My friend Bob writes a column called ‘Guyside’ on a blog that is primarily about women in the menopause years. He provides a male perspective on aging, and I really enjoy his posts. He wrote one last week that threw me off, though, and it took me a while to understand why.
Bob talked about male body image in relation to aging. I found myself sneering as I read his heartfelt words. I figured my far-from-menopausal cycle was affecting the portion of my brain responsible for empathy (this really does happen to me), but upon further consideration, here’s what I came to realize:
I don’t see how men have self-worth issues as they age.
As a man gets older, he may lose muscle tone or hair, but there’s no expectation for him to cover these things up with makeup, dye, and the elusive ‘flattering’ outfit. Indeed, men perfected the suit hundreds of years ago, and never looked back. The only real change to the perfect male look seems to be the width of ties and the length of facial hair. Men of every age seem to have women who will happily date them. Not so for women. Why? Because as men age, they gain other ‘gold stars’ in life: a career, professional honors, possessions, emotional maturity, and stability. Oh, and of course, there’s a desirable mature male aesthetic as well: the ‘Silver Fox’ look.
Meanwhile, as a woman ages, she hits her glass ceiling at work, realizes her salary won’t ever match those of her male colleagues, sees that she’s lost momentum during her time raising kids and/or caring for elderly parents, has been accused of losing her emotional wherewithal through the menopausal process, and is never considered as ‘stable’ as a man, financially or mentally.
Yes, this is a generalization. Bear with me; we’re looking at a broad issue here.
|Few of us will look like|
Claire Underwood (Wright)
as we age.
As I was thinking about the issue of male aging, I realized that I could reassure Bob with many examples of Silver Foxes who show that aging can be incredibly sexy, inside and out, for a man. Pierce Brosnan, George Clooney, Denzel Washington, Hugh Grant, Colin Firth, and what seems to be every Baldwin man…these are all examples of men who just seem to improve with age. But when I tried to reassure myself with similar images of older women, I could think of virtually none. Ellen Degeneres? Sure, though I see her as a bit of a one-off. Helen Mirin? Okay, if you want to set yourself up for impossible self-expectations…because the chances of your ‘Change of Life’ leaving you shaped like Mirin is about as likely as Gerard Butler showing up on my doorstep, today, and begging to marry me.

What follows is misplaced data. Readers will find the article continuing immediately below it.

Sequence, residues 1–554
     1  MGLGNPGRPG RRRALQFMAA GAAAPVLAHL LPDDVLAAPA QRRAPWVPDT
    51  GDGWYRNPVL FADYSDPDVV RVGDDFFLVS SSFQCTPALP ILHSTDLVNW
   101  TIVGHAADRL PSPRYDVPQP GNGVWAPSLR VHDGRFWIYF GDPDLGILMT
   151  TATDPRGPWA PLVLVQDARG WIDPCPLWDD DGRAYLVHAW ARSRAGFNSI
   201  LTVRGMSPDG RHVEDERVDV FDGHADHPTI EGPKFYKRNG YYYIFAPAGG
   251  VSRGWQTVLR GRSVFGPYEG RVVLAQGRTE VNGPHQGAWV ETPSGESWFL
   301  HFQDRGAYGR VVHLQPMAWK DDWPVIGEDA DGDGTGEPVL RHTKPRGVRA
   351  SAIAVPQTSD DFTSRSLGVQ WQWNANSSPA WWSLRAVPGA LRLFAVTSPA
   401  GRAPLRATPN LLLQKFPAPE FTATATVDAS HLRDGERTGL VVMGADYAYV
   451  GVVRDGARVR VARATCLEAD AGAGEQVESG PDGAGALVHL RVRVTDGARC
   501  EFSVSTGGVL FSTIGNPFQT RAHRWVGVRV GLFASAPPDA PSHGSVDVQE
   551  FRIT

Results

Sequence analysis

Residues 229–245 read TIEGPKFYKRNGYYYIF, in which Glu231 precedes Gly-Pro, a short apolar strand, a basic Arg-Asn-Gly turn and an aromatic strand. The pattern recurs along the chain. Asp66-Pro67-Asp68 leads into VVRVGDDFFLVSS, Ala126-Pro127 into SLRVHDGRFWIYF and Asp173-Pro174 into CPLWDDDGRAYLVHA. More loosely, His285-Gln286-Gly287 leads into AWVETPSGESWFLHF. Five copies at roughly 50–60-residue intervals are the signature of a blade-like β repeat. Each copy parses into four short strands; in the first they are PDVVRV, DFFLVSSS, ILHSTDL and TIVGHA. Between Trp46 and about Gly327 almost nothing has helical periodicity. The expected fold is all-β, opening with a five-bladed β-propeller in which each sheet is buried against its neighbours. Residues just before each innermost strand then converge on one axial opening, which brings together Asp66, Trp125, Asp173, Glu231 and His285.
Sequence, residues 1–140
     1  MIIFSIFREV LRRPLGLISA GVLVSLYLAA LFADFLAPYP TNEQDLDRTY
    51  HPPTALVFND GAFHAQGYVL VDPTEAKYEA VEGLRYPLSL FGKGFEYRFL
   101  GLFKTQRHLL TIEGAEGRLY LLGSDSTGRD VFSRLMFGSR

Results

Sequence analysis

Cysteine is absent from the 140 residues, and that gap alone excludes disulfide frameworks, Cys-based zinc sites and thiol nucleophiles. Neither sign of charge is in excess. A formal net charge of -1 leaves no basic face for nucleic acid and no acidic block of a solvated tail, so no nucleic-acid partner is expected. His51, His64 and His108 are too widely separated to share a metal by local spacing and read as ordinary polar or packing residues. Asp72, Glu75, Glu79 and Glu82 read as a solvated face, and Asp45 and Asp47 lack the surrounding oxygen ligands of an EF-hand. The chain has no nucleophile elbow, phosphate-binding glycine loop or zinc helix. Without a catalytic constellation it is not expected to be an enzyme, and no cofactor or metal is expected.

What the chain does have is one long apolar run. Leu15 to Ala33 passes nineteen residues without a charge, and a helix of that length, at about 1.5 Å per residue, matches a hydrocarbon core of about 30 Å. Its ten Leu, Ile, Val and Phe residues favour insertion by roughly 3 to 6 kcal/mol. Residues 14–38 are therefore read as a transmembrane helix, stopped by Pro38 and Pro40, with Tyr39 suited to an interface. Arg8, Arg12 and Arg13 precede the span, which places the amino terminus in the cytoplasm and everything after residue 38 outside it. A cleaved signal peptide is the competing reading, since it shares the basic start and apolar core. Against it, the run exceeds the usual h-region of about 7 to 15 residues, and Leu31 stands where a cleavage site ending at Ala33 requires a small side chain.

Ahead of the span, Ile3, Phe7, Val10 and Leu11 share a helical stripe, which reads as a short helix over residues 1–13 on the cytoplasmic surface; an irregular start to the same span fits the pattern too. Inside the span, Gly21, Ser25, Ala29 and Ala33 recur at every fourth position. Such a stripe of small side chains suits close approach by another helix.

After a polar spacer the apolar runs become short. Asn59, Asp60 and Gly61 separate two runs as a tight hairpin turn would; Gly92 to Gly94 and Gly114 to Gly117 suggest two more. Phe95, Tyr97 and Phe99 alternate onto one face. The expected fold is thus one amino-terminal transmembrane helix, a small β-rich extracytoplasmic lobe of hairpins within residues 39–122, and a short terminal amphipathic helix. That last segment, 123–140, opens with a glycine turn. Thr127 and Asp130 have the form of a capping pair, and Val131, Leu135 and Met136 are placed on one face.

I waited a minute to see if it would happen. It did not.
The reality is, even outside of the celebrity world, I have a hard time picturing what the female equivalent of a Silver Fox would be. We just don’t esteem mature women the way we do men. This is a bit terrifying now that I’ve realized it, because I have a much better understanding now of why there is a gap in my mental projection of myself: I can picture myself at 35 (cute hair, tall boots with a skirt, heading into an important meeting before I take off to my afternoon yoga class), and I can picture myself at 70 (crazy silver dreadlocks, arts-and-crafted house with a wild medicinal organic garden, running a workshop in a small town where I upcycle vintage furniture), but I have no idea what I look like for the 25 years in the middle.
So while I can understand Bob (and other men’s) fears of aging, I think they’ve got a lot more examples out there showing them that aging men are still a desirable and productive part of our culture. Meanwhile, the closest thing I’ve got to a real-life role model for my 50’s is a handful of ex-supervisors wearing uncomfortable polyester pantsuits, sporting that standard puffy short haircut, wearing coordinated jewellery sets, and catering to male bosses’ whims by spending their lunch hours seeking out the right Keurig cups.
I think you’ll be fine, Bob. But you’ve certainly got me worried now.